This year’s route was:
|Medford, OR to Yreka, CA||66 miles||5,450′|
|Yreka to Happy Camp||74 miles||2,600′|
|Happy Camp to Lake Selmac, OR||54 miles||5,200′|
|Lake Selmac to Glendale||71 miles||4,192′|
|Glendale to Grants Pass||77 miles||3,900′|
|Grants Pass loop||43 miles||2,900′|
|Grants Pass to Medford||42 miles||2,900′|
Day 1 – Medford, OR to Yreka, CA:
- The ascent up the Siskiyous. I have come to enjoy these slow, steady grinds uphill:
- Taking the shoulder of I-5 to the Agricultural Inspection Station. Gusty winds, cars whizzing by, lane divots, and differently-skilled cyclists made it very unpleasant.
One of the rare places where I could slow down, pull over and look sideways.
- Stimulus Package Road. It was bad enough with 28C tires, I can’t imagine how people with 10-spoke wheels wrapped around skinny, 700x19C tires didn’t incur damage to male parts.
- Omnidirectional headwinds the remainder of the day. At least it seemed that way. It was a pretty route, though. Hasta be Shasta:
- Being unable to hydrate.<tmi>
Usually the first sign of dehydration is yellowish pee. “No problem,” I thought, “Cycle Oregon has plenty of Gleukos and water.” At each stop, I topped off the 100-ounce bladder of my Camelbak. I figure I consumed about half the container. However, symptoms of further dehydration continued – darker pee, not being able to go at all, and headaches. My body wasn’t processing anything!I should have sagged it when the leg cramps started, first in my right calf, then in the big kahuna of muscles on my left side. Perhaps not thinking clearly, I’d stop, massage the cramp out, drink some more, and continue on. Stubborn, I am.
Yreka looked like a nice place, but I was so wiped, I just wanted to get to bed. After putting my bike away, my body went “neener neener” and all that liquid I’d consumed during the afternoon was being processed. All.
Day 2 – Yreka, CA to Happy Camp, CA – A much better day!
- Non-daylight riding can be very peaceful! I started just before sunrise, taking it slow and easy.
- I was feeling good enough to stop and pick up the geocaches along the way. At the big rest stop, I took a side trip up a big hill to take a photo of the activity. This gives you a sense of the scale of the “moving city” that’s Cycle Oregon.
- Finding an alternate route.
The size and logistics today left only one practical road to take. Getting passed by hundreds of cyclists and support vehicles was distracting from my enjoyment of the scenery. With some fiddling around with my GPS maps, I discovered the road on the other side of the river would, eventually, get me to the same place. I crossed the Klamath river…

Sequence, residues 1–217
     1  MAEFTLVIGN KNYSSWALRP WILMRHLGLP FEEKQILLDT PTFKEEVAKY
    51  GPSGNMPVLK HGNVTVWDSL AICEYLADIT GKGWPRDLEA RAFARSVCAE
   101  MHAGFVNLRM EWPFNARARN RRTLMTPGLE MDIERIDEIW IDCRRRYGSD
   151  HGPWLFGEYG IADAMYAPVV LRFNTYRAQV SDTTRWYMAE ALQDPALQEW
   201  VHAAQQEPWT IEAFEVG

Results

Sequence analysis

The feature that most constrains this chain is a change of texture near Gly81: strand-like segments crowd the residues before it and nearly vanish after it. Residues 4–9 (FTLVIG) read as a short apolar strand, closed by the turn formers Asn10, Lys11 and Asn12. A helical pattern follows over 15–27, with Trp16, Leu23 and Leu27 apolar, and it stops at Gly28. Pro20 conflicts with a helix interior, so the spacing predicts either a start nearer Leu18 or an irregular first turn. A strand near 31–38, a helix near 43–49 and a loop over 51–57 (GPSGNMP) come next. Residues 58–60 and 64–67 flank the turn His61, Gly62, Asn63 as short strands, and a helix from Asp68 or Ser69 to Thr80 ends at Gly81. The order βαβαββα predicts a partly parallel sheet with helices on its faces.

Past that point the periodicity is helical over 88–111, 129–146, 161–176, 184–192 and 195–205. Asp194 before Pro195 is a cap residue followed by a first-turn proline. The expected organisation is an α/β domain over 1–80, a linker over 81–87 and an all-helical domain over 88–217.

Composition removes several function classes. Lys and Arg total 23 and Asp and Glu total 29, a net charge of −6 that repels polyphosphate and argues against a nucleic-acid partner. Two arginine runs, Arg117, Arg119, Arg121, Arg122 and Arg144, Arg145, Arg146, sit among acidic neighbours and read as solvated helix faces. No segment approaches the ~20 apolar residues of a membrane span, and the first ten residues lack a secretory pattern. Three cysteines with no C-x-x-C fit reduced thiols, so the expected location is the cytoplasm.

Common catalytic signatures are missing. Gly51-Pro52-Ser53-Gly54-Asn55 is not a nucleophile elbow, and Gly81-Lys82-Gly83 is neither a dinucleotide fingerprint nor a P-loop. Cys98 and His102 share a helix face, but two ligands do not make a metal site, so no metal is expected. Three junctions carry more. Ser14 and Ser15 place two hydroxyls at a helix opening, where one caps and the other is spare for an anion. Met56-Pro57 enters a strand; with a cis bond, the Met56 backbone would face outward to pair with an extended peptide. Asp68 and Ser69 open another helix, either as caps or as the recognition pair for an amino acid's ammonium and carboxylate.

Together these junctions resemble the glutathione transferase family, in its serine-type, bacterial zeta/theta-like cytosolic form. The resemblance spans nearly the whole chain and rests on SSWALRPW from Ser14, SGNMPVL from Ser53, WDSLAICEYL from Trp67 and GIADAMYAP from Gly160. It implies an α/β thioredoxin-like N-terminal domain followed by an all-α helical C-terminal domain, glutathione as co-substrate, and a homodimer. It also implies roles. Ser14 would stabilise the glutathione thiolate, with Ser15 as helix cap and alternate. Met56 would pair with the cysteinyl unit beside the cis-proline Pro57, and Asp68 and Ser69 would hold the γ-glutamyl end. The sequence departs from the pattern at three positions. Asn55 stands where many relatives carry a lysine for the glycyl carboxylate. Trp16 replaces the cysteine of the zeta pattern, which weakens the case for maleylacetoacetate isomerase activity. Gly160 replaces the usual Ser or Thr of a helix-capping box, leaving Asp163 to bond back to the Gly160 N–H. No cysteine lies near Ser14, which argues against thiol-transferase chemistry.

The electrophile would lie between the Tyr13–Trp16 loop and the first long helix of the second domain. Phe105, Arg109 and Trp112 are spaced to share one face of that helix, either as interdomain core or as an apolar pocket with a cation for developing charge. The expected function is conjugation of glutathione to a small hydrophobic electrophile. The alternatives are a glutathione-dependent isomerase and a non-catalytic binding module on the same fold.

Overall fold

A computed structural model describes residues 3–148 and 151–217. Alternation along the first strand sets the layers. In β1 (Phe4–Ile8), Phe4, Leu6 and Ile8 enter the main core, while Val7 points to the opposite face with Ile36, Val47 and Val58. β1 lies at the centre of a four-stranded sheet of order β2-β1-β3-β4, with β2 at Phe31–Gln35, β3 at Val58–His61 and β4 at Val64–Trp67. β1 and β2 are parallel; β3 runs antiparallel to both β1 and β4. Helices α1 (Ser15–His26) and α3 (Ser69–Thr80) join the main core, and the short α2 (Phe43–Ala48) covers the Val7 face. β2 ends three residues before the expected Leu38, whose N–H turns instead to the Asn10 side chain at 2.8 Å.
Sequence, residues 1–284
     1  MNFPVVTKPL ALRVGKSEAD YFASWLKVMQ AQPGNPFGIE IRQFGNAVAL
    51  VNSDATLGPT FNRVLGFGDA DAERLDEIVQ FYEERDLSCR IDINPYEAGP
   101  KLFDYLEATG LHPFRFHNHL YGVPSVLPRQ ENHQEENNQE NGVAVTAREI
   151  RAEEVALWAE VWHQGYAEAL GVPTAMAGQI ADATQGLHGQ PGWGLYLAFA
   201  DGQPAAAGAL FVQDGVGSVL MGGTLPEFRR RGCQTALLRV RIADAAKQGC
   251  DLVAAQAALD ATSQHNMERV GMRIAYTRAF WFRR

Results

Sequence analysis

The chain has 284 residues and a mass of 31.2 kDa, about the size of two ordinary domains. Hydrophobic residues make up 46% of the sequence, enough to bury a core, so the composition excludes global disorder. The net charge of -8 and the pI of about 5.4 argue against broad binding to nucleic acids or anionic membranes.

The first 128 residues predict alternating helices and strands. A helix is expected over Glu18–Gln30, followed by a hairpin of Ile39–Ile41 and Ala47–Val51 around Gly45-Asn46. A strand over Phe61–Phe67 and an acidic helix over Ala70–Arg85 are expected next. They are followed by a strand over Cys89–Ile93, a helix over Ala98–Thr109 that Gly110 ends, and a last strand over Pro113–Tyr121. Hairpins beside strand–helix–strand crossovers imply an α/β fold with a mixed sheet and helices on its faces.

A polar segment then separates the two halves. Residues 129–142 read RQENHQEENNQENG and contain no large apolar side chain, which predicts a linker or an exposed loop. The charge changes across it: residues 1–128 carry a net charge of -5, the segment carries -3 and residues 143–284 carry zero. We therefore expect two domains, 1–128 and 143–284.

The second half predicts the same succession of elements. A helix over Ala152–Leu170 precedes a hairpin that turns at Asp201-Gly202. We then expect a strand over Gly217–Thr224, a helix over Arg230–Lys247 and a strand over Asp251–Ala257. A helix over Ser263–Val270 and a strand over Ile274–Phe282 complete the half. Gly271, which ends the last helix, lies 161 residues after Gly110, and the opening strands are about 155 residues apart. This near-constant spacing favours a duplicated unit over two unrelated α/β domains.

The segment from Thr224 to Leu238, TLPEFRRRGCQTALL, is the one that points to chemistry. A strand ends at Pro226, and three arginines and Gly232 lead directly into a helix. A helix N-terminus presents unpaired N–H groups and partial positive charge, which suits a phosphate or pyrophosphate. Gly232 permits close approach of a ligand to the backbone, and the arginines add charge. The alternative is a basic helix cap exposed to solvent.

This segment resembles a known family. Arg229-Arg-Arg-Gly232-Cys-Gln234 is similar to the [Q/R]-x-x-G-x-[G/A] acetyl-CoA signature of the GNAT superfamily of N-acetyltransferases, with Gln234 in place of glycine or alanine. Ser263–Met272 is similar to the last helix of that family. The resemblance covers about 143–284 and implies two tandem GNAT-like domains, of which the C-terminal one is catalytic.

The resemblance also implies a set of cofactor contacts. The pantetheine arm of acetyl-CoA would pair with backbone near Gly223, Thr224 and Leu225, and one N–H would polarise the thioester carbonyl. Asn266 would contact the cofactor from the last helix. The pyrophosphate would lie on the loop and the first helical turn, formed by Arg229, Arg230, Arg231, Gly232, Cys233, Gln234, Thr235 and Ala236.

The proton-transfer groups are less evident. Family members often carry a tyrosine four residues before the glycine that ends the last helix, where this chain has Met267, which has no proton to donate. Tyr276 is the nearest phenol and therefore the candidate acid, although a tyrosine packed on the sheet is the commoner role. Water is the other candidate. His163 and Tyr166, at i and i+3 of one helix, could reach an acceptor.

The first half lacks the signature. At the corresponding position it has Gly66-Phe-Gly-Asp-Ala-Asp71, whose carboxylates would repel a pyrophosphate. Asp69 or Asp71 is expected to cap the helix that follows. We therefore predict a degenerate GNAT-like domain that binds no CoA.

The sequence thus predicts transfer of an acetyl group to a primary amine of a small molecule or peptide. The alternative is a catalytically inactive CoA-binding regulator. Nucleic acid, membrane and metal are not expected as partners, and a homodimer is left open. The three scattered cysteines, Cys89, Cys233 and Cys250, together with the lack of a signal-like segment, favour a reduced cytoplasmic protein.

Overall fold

Enjoyed exploring rickety bridges:
And appreciated being in the shade once the sun came out in full force:
- Bigfoot. The main attraction in downtown Happy Camp is the ginormous, camera-loving man-beast.
Starry Nights. Oh. My. God. With no light pollution for miles, and lacking tree cover, we were treated to an outstanding view of the night sky.
- Disappointment that Happy Camp didn’t offer post cards – give me Bigfoot or Steelhead or Bigfoot feasting on Steelhead or, more interesting, Steelhead feasting on Bigfoot.
Day 3: Happy Camp, CA to Lake Selmac, OR – Though Day 2 went well, I was still a little leery of The Hill ahead.
- Getting a photo of His Bigfootedness trying to find a good cup of coffee so early in the morning.
- Awesome climb – we took a narrow, unplowed-in-the-winter forest road. I feel a little sorry for the logistics folks, as they had to drive the big rigs around back to Yreka then Medford then over to Lake Selmac. While climbing, I was totally in the zone, actually passing other cyclists on the uphill. Oh, my!
- Drums at the top of the climb. Don’t know whose idea this was, but it was awesome. You can hear a small snippet of them at the end of this video clip. Having my legs following the tempo helped on that last part.
- Lunch stop at the Bridgeview Winery – I’m not a wine person, but I enjoyed the location.
- Walking up that 22% grade. I admit it, I saw this labeled as “@#!” on the map and just hiked up the short segment… as did a lot of other people who “rode up it.” I felt fine on the subsequent 8-12% grades.
- Lake Selmac – this was my favorite overnight of the whole trip because the community seemed to work so well. They had delicious fund-raiser consumables like a Polish sausage with sauerkraut and gourmet pastries. (In case I needed an excuse to undo the inadvertent health benefits of cycling!) Additionally, there were a lot of artists and displays.
As with other places, the local sports team teen male daredevils shuttled luggage for tips. When luggage was shuttled, they impressed female daredevils with buggy-handling skills. Ah, youth. Shotgun!
- I was a little bummed, though not surprised, the summit and CA/OR border were unmarked. Someone painted a neon line, though you can certainly tell by the change in pavement. On the far right, there’s the “End of Josephine County maintenance [Suck it, California!]” sign.
- Racer X. Downhills were marred by a mix of over-confident riders going balls-out down serpentine, forest-lined roads screaming “on your left,” as if everyone else was In Their Way. I felt schadenfreude when one guy received a ticket for crossing over the double-yellow line. (As Officer Bishop says, We’re not in a bubble.)
That looks like a great ride. I love Oregon. Thanks for sharing.
@Mike – overall, yes. I enjoyed last year’s route more, though. (Always been a big fan of the Blue Mountains – adding Hells Canyon was a bonus. Lake Wallowa was whipped cream on top.) Curious what they’ll have for next year’s. I <3 Oregon cycling.
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